The Boy in the Striped Pyjamas, by John Boyne, significantly distorts the truth of the Holocaust in order to evoke the empathy of the audience. This response is accomplished by the author through hyperbolizing the innocence of the nine-year old protagonist, Bruno. Through the use of dramatic irony, Boyne is able to both engage and involve the audience in the events of the novel. Although it is highly improbable that a son of a German high-ranking Schutzstaffel (SS) officer would not know what a Jew is and would be unable to pronounce both Fuhrer and Auschwitz, (which he instead mispronounces as ‘Fury’ and ‘Out-with’ respectively, both of which are intentional emotive puns placed by the author to emphasize the atrocity of the events), the attribution of such information demonstrates the exaggerated innocence of Bruno and allows the audience to know and understand more than him. This permits the readers to perceive a sense of involvement, thus, allowing the audience to be subjected towards feeling more dynamic and vigorous evocation of emotions and empathy towards the characters. Fu...
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...prejudice and indifference, but does so at the consequence of distorting the truth.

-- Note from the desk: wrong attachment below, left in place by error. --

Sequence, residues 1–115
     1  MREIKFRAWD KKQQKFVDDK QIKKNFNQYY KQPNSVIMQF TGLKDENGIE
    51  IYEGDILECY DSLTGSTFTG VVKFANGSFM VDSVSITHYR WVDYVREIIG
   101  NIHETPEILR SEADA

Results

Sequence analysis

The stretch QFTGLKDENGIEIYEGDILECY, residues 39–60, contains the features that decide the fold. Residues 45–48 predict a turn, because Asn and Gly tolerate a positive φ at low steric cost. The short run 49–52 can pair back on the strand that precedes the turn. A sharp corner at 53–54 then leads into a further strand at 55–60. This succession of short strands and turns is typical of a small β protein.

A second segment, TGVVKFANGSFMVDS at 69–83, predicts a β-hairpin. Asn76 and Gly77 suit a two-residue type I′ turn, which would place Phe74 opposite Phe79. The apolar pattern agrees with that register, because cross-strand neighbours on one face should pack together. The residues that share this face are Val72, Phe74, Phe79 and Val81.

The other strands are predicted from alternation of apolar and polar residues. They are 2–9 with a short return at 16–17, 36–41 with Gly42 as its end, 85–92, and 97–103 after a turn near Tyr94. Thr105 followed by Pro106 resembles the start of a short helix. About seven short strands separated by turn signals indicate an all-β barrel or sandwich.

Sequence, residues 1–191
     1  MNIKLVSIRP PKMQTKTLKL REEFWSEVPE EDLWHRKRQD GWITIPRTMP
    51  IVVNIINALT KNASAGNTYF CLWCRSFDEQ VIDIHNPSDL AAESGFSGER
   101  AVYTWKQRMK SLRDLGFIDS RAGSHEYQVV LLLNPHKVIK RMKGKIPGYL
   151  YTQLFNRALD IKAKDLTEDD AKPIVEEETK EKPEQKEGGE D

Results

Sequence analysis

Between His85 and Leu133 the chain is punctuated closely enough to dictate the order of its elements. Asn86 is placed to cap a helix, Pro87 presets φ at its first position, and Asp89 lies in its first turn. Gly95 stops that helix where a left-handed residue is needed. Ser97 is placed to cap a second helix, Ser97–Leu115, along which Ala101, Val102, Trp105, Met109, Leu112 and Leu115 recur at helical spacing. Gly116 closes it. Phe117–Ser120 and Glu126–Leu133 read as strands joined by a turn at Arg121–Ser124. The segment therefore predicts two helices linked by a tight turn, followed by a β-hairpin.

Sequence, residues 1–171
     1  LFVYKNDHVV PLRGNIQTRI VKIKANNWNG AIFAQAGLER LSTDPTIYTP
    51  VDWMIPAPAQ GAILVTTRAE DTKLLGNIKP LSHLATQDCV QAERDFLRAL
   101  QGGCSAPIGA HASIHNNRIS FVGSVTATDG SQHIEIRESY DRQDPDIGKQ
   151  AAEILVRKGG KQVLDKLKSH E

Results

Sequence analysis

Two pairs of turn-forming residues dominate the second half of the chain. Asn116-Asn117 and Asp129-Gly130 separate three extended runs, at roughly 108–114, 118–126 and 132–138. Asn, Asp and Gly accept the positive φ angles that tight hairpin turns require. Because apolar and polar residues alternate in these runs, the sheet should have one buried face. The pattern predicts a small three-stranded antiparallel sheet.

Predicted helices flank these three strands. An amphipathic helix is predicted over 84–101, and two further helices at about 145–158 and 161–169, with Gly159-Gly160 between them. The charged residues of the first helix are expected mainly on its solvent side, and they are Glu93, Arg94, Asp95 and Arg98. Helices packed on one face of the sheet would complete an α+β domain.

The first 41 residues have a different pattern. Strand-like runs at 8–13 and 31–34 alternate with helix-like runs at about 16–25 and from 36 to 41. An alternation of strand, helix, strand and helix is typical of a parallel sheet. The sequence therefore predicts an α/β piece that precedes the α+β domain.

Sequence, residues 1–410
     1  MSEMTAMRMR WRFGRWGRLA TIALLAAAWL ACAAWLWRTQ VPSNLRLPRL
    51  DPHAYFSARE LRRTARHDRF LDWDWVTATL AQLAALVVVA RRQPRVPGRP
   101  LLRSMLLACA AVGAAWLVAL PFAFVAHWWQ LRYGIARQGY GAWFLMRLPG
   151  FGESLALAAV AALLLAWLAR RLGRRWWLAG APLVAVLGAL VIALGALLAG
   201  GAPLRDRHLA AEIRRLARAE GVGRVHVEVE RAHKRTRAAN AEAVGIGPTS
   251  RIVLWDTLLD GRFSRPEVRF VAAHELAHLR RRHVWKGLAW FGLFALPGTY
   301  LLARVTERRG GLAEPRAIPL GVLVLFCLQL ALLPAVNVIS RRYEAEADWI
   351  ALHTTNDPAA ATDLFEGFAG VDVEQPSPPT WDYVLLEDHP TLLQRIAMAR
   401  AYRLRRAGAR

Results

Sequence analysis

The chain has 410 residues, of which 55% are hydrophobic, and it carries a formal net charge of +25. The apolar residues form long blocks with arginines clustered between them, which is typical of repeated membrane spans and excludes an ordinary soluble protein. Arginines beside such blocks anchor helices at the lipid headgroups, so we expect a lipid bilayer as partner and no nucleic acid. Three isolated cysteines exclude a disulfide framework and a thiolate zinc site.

Thus, through the various distortions posed throughout The Boy in the Striped Pyjamas, John Boyne reveals many aspects of truth. Such distortions allow the author to evoke the audience’s emotion, portray the Holocaust to younger readers and communicate humans’ capacity for brutality and apathy. This is achieved by Boyne through the exaggeration of the innocence of Bruno, the misrepresented content of the novel as well as the distinctive voice of youth. Narrative, in The Boy in the Striped Pyjamas by John Boyne, is therefore presented as a device that distorts aspects of truth in order to reveal. However, in the end, it is the choice of the reader as to whether they will consider the narrative to be a ‘fable’ which reveals a message or an actual source of knowledge and truth.
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